It’s been more than 20 years since Cheryl Strayed, still grieving her young mother’s death, faced her deepest demons as she walked the Pacific Crest Trail.
The journey has reached something of mythical status over the year, first in her bestselling memoir, "Wild," and then in a movie starring Reese Witherspoon. But many years ago, Strayed stopped being “the writer who walked the PCT” to one of the leading voices in a movement of writers who push their readers to live braver, more vulnerable lives.
In a ballroom of the Convention Center on Saturday afternoon, podcaster Tim Ferriss recorded a live show with Strayed in front of a packed crowd of fans of them both. Ferriss is a frequent SXSW guest, but this was the first time Strayed took the stage to share her message of empowerment through taking risks and getting real.
Strayed is one of many speakers in recent years, including last year’s keynote Brene Brown, whose body of work doesn’t revolve around technology or productivity, but rather the inner emotional work that, in its own way, feels revolutionary and innovative.
“Transparency is a mark of success,” she told the crowd that gathered Saturday evening for the 90-minute interview.
The only way to heal the hard parts of your story is to address them, she said. Writing is one way to do it, but sometimes, you might need to take a quest.
Strayed -- whose last name is of her own choosing and symbolic of her desire to wander her own path -- warns that whatever adventure or uncharted waters you might pursue, it probably won’t be all that fun when you’re in the middle of it. The painful mistakes we might make anytime we’re getting outside of our comfort zone are simply invitations to grow.
The truth is, you might not get any enjoyment out of it until it’s over. She calls this retroactive fun. Ferriss, on the other hand, advocates anticipatory fun. He will book a trip with friends six months ahead. “Eighty percent of the joy of taking the trip is looking forward to it,” he said.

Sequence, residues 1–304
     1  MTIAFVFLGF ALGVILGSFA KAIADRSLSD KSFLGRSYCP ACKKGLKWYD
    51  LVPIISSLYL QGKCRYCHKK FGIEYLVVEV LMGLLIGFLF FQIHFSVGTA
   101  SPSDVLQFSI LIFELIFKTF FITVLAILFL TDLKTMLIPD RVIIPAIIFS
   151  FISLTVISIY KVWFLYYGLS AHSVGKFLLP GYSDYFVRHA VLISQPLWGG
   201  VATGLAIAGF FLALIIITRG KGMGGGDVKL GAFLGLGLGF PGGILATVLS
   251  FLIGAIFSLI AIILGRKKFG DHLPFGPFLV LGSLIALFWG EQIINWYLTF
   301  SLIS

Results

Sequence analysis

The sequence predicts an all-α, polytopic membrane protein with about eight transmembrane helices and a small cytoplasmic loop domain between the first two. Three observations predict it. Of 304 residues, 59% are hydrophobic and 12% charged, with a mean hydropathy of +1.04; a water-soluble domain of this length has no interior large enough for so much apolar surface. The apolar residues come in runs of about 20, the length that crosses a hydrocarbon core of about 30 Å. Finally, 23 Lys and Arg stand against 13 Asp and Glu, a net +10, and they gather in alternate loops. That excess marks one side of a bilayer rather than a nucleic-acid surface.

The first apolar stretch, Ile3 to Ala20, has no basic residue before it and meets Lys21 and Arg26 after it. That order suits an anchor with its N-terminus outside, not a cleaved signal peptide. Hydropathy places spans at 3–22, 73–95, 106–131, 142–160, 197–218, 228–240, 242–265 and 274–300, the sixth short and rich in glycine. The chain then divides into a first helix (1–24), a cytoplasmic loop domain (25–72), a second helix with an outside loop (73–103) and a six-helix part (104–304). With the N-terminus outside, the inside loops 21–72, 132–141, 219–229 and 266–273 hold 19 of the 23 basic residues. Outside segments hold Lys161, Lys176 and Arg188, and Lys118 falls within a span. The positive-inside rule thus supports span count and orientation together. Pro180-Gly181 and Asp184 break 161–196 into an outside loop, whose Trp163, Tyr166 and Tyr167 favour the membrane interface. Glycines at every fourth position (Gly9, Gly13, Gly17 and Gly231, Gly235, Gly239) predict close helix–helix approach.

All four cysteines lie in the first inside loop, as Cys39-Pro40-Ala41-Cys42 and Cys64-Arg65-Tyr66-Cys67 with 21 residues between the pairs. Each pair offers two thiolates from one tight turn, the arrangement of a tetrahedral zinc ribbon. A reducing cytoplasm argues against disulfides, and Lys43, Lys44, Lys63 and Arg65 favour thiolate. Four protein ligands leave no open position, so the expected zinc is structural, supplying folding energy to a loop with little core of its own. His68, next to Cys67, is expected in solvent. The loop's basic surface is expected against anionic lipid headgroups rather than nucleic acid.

Strayed is the co-host, along with the very funny Steve Almond, of the Dear Sugar Radio podcast, which started with a written advice column that Strayed wrote anonymously for a website called The Rumpus.
Her goal with the column and now the podcast is simply to illuminate part of a situation that listeners can’t otherwise see. “I’m trying to get you to ask deeper questions of yourself.”
“When we seek advice, we often aren't looking for answers,” she says. “We want to know that we’re not alone.”
When listeners write letters, they often ask for help solving a problem, but Strayed says she can almost always hear in their voices a hint at what they really want to do but are afraid to commit to the decision.
“Your gut knows what you want to do, and one of the scariest things in life is doing that thing that we know we need to do,” she said.
Having an abundance of love for yourself means you know when it’s time to let go of your ego, pride or doubt. Surrendering isn’t a sign of weakness but strength, she said. Taking that leap of faith -- from an epic 1,100-mile hike to a split-second decision to say “no” when you might have felt obliged to say “yes” -- is how you cultivate a way of living that makes a life.